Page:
The hasta pura she is occasionally depicted holding (substituting for a scepter) was a ceremonial lance (spear, pike) without an iron head, oftentimes with a knob at the end, the forerunner of the standard pilum issued to Roman soldiers. The hasta was derived by the Roman from the Etrurians, who called it a "corim". By the Sabines it was called a "quiris", their king called "coritos" as the spear was to them an attribute of royalty. The Hasta was the symbol not only of power, fortitude and valor, but also of majesty and even divinity. It is one of the insignia of the Gods, and of the Emperors and Augustae after their apotheosis, implying that they had become objects of worship. It is generally found in the hands of female divinities, as the war-spear is in those of warriors and heroes. Its name literally means "blameless spear", and it was sometimes awarded ceremoniously to soldiers who had saved another's life.

The wreath or garland she is most often depicted actually derives from Greek mythology and the Olympic games. A wreath or garland of laurel leaves is an attribute of the Graeco-Roman God Apollo, and is a symbol of victory. In Roman coinage the emperor is often depicted being crowned with such a wreath by the Goddess of Victory, "Victoria" (known to the Greeks as "Nike"). In Greek Mythology, Apollo declared that wreaths were to be awarded to victors, both in athletic competitions and poetic meets under his care. Thus in ancient Greece laurel wreaths became the prize awarded in athletic, musical, and poetic competitions. For instance by the 6th century B.C., the winners of the ancient Greek Pythian Games (forerunner of the Olympics and held every four years at Delphi) were awarded a wreath of laurel leaves.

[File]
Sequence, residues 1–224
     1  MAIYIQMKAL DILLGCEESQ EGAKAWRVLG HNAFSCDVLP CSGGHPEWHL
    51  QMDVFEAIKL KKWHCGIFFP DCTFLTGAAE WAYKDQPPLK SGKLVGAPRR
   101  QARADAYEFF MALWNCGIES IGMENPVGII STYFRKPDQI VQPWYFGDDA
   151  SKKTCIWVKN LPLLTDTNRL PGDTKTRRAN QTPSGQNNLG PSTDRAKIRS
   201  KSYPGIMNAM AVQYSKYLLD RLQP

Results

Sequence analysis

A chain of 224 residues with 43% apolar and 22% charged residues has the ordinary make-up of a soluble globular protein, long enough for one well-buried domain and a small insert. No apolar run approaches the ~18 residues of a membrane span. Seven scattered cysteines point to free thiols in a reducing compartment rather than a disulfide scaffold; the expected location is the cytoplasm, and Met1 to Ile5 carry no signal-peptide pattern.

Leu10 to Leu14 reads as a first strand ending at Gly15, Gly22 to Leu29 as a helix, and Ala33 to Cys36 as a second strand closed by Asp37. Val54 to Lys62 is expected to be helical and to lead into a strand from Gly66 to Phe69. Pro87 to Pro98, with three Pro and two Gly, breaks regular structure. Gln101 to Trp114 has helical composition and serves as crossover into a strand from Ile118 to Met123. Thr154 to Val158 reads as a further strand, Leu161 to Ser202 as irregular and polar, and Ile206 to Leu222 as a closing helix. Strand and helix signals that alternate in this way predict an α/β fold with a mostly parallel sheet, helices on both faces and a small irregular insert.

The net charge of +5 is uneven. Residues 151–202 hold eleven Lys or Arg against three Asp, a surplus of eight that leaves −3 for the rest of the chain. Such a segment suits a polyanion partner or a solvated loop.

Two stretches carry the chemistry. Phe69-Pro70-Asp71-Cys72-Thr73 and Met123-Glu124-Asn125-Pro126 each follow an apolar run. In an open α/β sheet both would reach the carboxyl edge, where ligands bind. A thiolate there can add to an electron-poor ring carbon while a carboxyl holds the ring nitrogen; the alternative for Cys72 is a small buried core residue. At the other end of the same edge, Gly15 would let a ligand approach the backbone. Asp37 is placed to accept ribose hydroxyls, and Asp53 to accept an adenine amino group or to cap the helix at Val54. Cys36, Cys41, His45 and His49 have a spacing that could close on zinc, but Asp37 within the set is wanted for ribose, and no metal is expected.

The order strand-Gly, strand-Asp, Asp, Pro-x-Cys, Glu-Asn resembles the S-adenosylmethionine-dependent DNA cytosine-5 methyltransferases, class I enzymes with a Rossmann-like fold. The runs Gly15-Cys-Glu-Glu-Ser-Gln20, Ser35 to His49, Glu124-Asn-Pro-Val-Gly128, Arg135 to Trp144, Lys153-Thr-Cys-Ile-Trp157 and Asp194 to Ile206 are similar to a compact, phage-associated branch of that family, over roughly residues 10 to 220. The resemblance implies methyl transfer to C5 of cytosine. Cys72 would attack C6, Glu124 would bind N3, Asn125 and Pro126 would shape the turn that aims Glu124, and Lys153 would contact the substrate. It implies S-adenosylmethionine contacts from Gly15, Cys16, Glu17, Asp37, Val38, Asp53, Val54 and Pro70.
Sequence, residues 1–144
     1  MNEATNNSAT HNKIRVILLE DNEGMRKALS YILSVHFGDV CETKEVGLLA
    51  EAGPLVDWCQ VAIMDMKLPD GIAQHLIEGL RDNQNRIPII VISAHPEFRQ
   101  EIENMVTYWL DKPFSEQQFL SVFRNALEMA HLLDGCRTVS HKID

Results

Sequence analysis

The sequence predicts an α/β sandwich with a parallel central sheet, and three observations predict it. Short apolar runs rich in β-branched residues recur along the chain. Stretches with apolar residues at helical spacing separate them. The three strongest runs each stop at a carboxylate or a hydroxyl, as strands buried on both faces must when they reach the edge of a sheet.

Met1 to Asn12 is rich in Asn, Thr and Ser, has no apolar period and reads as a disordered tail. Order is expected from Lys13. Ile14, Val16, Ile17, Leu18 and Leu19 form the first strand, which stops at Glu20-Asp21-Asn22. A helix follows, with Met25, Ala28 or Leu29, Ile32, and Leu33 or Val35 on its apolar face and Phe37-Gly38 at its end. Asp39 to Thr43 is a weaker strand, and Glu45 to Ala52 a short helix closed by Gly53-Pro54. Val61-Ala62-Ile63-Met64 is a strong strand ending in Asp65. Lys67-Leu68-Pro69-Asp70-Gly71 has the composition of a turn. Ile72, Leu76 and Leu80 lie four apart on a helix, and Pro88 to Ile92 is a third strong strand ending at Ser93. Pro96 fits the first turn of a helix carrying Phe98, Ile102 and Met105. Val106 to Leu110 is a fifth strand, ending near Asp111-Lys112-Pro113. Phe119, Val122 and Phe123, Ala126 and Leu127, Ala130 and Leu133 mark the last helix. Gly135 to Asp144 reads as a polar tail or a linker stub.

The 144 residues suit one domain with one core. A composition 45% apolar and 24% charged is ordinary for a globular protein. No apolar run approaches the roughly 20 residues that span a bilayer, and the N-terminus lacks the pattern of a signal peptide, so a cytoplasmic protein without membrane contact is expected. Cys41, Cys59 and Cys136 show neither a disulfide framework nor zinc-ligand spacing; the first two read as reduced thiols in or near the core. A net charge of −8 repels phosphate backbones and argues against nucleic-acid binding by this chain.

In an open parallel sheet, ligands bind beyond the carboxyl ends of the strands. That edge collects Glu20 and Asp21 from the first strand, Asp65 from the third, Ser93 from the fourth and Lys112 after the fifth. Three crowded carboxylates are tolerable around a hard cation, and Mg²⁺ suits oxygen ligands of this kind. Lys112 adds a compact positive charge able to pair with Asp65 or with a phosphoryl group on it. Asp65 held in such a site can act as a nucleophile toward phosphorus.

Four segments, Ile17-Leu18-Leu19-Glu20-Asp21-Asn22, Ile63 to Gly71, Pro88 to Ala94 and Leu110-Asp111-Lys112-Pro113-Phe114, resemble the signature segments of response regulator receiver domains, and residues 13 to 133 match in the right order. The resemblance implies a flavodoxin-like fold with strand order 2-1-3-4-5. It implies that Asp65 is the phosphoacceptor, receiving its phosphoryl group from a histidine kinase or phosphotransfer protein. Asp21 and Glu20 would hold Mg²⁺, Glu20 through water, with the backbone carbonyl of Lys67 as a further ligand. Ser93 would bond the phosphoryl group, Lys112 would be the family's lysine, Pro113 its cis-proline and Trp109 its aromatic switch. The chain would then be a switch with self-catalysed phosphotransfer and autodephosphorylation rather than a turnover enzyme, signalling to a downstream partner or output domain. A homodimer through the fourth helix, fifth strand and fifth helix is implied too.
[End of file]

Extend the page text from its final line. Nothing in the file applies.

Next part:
The symbolism was inherited (or mimicked) by the Romans, to whom the bestowal of a laurel wreath became the sign of a victorious general acclaimed by his troops. After defeating Pompey, the Roman Senate not only voted Julius Caesar Imperator for life, but also awarded him the right to wear the laurel wreath in perpetuity. From that point on it is said that Julius Caesar always appeared in public laureate, and all of his coinage depicted Julius Caesar wearing the laurel leaf crown. Thus the laurel leaf crown became associated not only with the victorious general, but became a symbol of the office of Caesar and Imperator. There were other types of wreaths in Graeco-Roman Mythology as well. Dionysus was oftentimes depicted either with a wreath of ivy or with a wreath composed of grape leaves. Zeus was oftentimes depicted with a wreath of oak leaves, and wreathes of roses became associated with Aphrodite. And again, wreathes were worn by many during festivals and so became associated with holidays and merry-making.